Shooting hoops, ballin', netball – whatever you call it, the game of basketball will never hold anything more than a niche appeal for the people of Great Britain. It is to Johnny English what football is to Chuck American – a game for school kids, women and video gamers.
And it really is perfectly suited to the gaming medium. Fast-paced, end-to-end, high-scoring and played by flamboyant characters employing outrageous skills, it's as if it were tailor made for digital translation.
Up steps Gameloft with NBA Smash, a distilled, concentrated version of the sport that whittles the participants down to 2-on-2 and exaggerates all of the aerial feats. At certain points in the game players will leap 20 feet in the air, somersaulting like a Russian gymnast, before slamming the ball into the net.
If this format sounds at all familiar to any of you, it probably means you were around in the early '90s when a certain NBA Jam was released on every format under the sun. NBA Smash certainly bears more then a passing resemblance to this classic, but sadly fails to emulate it in several key areas.
First impressions are positive, with excellent presentation and finely detailed graphics. Equally intricate are the controls, with a console-like set-up of directional keys plus four action buttons – '5' to pass, '0' to shoot, '*' for tricks and '#' for a special move.
This allows for a wide array of possibilities as to how you stick the ball in the net. Do you pass it around, waiting for an opening and a prompt to execute an unstoppable dunk, or perhaps throw an audacious feint to buy some space for a long-range effort?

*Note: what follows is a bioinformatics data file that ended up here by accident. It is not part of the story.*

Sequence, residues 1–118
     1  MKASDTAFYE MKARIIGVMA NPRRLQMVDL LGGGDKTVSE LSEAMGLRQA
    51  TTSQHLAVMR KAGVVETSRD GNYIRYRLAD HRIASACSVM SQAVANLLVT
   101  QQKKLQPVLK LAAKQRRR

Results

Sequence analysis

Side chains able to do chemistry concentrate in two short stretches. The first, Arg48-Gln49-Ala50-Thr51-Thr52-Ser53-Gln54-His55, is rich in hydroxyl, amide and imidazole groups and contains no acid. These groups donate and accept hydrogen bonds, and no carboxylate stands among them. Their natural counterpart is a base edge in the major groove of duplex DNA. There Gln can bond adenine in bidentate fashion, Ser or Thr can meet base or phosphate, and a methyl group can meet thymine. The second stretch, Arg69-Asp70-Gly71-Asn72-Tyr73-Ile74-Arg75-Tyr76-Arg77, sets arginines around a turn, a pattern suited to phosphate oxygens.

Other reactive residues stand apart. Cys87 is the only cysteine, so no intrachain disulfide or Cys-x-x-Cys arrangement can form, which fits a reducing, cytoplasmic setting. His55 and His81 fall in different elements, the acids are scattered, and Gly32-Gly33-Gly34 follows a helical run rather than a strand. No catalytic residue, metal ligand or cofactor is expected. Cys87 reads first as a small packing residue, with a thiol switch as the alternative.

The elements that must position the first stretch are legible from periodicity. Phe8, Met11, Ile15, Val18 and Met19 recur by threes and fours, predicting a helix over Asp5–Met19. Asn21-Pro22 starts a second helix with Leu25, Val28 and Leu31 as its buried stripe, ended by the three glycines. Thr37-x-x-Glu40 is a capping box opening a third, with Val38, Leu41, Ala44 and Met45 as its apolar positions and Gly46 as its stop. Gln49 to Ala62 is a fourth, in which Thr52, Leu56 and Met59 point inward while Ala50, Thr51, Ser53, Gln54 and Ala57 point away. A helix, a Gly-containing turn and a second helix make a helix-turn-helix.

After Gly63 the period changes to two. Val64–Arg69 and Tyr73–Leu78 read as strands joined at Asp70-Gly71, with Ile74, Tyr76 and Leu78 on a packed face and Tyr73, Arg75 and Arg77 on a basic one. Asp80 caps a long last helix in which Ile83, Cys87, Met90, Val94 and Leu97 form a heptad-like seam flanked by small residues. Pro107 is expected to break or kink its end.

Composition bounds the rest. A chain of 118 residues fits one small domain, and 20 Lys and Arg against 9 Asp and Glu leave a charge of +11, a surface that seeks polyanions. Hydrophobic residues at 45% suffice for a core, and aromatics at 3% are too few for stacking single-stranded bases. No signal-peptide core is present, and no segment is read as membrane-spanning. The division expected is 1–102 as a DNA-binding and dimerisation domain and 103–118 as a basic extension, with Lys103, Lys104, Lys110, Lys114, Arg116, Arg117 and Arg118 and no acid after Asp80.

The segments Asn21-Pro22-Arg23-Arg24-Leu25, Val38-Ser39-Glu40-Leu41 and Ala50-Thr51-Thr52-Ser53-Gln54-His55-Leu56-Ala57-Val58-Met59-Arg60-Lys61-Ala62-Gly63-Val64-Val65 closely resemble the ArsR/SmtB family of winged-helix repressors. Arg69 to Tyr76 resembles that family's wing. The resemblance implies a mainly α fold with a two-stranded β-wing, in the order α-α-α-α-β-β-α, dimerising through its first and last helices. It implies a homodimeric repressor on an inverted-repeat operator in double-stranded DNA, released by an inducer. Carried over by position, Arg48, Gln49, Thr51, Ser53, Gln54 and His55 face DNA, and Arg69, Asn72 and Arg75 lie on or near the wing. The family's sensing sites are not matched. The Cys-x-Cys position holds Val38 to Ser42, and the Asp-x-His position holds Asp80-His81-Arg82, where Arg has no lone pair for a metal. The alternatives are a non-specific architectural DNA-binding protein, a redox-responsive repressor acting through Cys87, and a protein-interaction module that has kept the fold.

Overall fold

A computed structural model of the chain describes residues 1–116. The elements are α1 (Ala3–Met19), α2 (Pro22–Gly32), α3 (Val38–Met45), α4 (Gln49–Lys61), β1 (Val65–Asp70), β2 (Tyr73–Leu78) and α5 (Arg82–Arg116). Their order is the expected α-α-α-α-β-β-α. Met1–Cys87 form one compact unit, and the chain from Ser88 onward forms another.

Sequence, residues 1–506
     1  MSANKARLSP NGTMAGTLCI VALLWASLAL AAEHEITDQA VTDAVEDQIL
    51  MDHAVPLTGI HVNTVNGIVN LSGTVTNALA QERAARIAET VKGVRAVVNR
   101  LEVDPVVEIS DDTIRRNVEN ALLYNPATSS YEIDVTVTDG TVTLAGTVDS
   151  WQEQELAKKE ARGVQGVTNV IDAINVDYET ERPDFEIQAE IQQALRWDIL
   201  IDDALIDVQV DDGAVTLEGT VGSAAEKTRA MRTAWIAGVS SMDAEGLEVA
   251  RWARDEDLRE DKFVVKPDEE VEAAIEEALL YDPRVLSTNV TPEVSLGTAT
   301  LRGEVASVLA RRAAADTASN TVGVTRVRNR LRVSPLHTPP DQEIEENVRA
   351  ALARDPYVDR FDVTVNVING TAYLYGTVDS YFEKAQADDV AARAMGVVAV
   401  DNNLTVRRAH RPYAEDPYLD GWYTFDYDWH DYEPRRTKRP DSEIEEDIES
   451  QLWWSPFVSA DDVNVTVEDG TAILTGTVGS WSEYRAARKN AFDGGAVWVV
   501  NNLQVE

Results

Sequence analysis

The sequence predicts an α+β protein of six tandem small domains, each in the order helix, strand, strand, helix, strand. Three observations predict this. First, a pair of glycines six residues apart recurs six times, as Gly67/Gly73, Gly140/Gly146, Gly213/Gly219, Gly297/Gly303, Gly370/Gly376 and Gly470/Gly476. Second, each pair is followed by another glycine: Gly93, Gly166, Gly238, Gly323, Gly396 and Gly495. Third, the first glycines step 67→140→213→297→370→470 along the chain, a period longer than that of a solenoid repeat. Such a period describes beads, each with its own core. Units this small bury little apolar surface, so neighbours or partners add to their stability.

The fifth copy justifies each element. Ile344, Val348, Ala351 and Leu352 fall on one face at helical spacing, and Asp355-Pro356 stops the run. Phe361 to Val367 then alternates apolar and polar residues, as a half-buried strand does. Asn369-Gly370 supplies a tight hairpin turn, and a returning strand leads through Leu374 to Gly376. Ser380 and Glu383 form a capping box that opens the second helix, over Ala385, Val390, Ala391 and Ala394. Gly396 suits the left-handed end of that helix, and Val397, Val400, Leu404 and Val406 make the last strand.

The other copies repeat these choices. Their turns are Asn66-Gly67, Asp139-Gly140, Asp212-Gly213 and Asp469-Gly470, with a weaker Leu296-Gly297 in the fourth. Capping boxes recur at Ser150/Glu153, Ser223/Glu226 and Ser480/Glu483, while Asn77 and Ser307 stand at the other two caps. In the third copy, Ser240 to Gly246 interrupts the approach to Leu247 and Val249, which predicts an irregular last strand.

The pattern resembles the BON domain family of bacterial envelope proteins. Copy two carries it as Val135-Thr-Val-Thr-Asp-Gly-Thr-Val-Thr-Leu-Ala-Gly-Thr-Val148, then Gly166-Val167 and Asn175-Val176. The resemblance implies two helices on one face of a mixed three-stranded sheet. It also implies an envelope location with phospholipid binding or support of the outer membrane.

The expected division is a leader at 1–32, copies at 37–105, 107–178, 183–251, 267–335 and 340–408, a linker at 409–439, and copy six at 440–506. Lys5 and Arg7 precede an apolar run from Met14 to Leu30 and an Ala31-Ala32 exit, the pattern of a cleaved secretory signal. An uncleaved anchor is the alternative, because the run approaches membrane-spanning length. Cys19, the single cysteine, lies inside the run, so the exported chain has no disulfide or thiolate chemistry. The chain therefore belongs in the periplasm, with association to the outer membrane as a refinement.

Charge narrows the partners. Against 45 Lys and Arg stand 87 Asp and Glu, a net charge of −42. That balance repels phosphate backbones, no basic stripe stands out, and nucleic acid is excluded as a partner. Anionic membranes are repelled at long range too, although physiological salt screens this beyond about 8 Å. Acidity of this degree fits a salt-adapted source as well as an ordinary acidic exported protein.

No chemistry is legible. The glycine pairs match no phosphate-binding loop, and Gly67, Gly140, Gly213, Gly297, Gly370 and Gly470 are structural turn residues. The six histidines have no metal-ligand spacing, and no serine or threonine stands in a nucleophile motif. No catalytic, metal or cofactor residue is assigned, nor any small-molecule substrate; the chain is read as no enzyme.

Unfortunately, this range of controls also proves to be one of the game's major flaws. In a fast-paced game such as this you need to be able to access each of the controls comfortably and instinctually. This is easy on a console controller, but not so on a mobile phone keypad.
You'll tie your fingers in knots trying to hit several different keys in quick succession, and most phones simply won't react sharply enough to such demands. This creates a kind of lag between certain button presses and the corresponding action being played out.
It makes the game surprisingly tough from the get go (I opted for the Normal difficulty level) as your fingers struggle to keep up with the action. I quickly found an exploit to enable progress through the Career mode – simply hold onto the ball around the Key until you receive the aforementioned '5' prompt, which results in a virtually guaranteed point. Cheap, I know, but it really didn't take much experimentation to figure out, and all alternative means of acquiring points are far harder won.
Which is a shame, because the structure for Career mode is mostly excellent. You play against each of the fully licensed NBA teams, ploughing your winnings into buying new players and upgrading your personally created player's skills. It's another commendably ambitious attempt to bring a console experience to your mobile phone, but one that again doesn't quite pay off.
With the unbalanced, slightly random gameplay I didn't really feel the burning need to make full use of the skill upgrade system. I also found it slightly irritating to narrowly lose a closely fought game and not be awarded any skill or player acquisition points for my efforts.
But for all its faults, there are elements to praise NBA Smash for. It looks the business and boasts plenty to be getting on with in its Campaign and Tournament modes, for instance. Gameloft should be respected for attempting an ambitious shot from way downtown. That it's ended up throwing a bit of an air-ball certainly doesn't lessen our expectation of a successful follow-up.